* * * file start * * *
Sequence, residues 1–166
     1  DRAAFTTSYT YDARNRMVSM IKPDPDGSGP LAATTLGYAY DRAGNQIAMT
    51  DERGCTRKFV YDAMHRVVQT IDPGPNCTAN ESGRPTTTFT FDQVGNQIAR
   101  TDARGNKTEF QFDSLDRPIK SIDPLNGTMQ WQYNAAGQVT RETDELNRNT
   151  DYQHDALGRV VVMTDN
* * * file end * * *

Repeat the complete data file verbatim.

Sequence, residues 1–166
     1  DRAAFTTSYT YDARNRMVSM IKPDPDGSGP LAATTLGYAY DRAGNQIAMT
    51  DERGCTRKFV YDAMHRVVQT IDPGPNCTAN ESGRPTTTFT FDQVGNQIAR
   101  TDARGNKTEF QFDSLDRPIK SIDPLNGTMQ WQYNAAGQVT RETDELNRNT
   151  DYQHDALGRV VVMTDN